Smarter Design For Aging in Place
Well peeps – I’ve not seen 50 yet but I admit that I have begun counting the gray hairs – and the reflection I catch in the window of my car as I approach . . . well….let’s just say: She’s not getting older, she’s getting better.
OK – she IS getting older. (I keep telling Steven I’m getting better. The power of suggestion…) Between you and I – I’m just getting older. As are we all. And so I thought it wise to take a sec to speak to you wisely about the power of design to keep people living in their homes a long as possible.
First here are some sobering statistics about the aging of America: (This is a good time to get a martini, or Novocaine.)
*America is aging
*Currently 20% of the US population is 65+
*By 2030, 1 in 5 Americans will be 60+
*Surveys show that the vast majority of us want to stay in our homes as long as possible.
(This next part is where you need the martini)
*As we age, changes in our eyes (flattening & thickening of the cornea, yellowing of the lens and reduction of the action of the pupil) (martini slurp….) change the way we see and negotiate color, pattern, space and – all of the environment we call home.
*Falls send 1.8 million people age 65+ to the emergency room each year.
(And hey – these falls are not from doing heroic, difficult things like climbing ladders or moonwalking on the banister….no-no….they just . . . happen . . walking in the home, rising room a chair, etc.)
*90% of these falls will result in hip fractures and of those:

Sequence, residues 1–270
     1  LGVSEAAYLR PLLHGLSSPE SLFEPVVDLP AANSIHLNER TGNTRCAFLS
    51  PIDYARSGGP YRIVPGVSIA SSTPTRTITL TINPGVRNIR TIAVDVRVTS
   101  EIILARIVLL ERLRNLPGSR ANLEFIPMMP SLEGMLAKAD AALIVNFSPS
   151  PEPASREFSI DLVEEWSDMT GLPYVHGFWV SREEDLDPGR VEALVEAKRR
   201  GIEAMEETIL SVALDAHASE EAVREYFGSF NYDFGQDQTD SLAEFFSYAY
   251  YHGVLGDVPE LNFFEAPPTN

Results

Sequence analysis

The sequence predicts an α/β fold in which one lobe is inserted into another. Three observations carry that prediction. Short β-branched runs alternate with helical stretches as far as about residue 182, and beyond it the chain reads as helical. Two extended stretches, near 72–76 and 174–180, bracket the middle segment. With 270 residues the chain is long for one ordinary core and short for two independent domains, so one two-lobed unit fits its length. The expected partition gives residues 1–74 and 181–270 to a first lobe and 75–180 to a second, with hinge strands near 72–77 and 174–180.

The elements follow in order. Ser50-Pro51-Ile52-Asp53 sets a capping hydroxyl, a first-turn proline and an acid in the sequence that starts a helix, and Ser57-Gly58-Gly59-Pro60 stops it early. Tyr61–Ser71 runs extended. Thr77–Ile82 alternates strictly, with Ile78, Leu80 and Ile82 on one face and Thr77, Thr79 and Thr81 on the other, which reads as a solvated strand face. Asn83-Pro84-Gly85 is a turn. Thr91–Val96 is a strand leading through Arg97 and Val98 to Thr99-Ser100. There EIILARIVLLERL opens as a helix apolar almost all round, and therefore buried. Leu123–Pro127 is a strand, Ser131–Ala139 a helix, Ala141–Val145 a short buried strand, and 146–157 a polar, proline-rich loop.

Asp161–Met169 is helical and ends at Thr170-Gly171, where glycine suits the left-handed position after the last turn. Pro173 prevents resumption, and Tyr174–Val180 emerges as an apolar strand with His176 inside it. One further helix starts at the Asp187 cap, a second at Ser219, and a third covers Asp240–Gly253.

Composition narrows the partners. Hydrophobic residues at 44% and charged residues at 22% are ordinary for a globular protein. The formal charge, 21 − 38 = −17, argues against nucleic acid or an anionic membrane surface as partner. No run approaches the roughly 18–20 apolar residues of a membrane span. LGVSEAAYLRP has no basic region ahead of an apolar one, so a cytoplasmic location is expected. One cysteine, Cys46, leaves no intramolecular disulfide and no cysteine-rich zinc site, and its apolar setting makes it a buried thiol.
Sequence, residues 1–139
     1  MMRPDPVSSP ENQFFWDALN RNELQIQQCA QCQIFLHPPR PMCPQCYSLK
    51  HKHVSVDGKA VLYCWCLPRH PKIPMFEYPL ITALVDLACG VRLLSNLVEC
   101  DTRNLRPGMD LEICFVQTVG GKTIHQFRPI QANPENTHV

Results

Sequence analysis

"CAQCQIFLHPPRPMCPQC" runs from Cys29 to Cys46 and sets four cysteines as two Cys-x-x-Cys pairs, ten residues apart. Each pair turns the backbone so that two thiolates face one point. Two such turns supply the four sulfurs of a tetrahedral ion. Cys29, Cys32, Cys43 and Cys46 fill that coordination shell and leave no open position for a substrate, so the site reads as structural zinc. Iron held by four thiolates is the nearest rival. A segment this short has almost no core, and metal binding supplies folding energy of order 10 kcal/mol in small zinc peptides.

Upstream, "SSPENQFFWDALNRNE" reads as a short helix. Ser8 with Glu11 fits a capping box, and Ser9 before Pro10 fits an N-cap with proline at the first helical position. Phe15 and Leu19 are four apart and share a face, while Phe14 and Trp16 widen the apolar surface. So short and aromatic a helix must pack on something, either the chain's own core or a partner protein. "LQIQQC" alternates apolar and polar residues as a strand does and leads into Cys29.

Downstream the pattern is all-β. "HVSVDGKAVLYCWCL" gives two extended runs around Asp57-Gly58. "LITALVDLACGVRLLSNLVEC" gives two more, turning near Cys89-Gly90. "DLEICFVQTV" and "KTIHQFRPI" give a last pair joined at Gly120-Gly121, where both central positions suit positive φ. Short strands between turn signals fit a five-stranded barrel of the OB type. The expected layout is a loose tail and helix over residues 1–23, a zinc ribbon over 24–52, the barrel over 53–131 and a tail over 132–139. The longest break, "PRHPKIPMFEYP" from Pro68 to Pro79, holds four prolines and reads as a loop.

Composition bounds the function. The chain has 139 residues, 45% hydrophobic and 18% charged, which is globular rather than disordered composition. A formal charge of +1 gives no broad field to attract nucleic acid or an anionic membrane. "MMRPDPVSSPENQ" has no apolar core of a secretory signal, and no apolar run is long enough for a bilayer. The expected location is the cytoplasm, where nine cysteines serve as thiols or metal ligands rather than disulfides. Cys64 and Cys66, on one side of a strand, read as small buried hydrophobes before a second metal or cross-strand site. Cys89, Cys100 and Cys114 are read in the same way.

-50% will be discharged to a nursing home
-25% will result in death
-(Can I refill that drink for ya yet?)
Welp – yet again. Design to the rescue. There is a big push in the design community regarding how to design to aid people in staying safely in their homes as long as possible…now called in my world…”Aging In Place.” Here are some very real things you can do if you are ‘of a certain age’ or currently designing a home in a 55+ community for yourself or for a loved one.
Reduce Trip Traps.
Start with the obvious. Reduce clutter – to included editing and thinning out packed-in furnishings. Clear walking areas within rooms and hallways. Test furniture for stability too. As we age and lose joint function and strength, people tend to lean on furnishings for balance or to push up and out of chairs. Thus in these instances, I like to do tables with 4 legs rather than pedestals tables. No drop leaf tables or gatelegs, please – as these too are less stable when pushed on at their edge. And best to avoid casters on chairs unless they are front-leg only casters, which are less like to roll out form under someone. AND – exposed leg chars are preferred to skirted chairs for easy of entry and exit. Nix the area rugs – or tape them down if you must keep them. And upholstery should be deep enough for comfort, but not so deep that rising is a challenge…believe it or not – this alone can (and does) cause falls. A good designer can help evaluate and plan here if you’re confused on body proportion and ideal upholstery fit.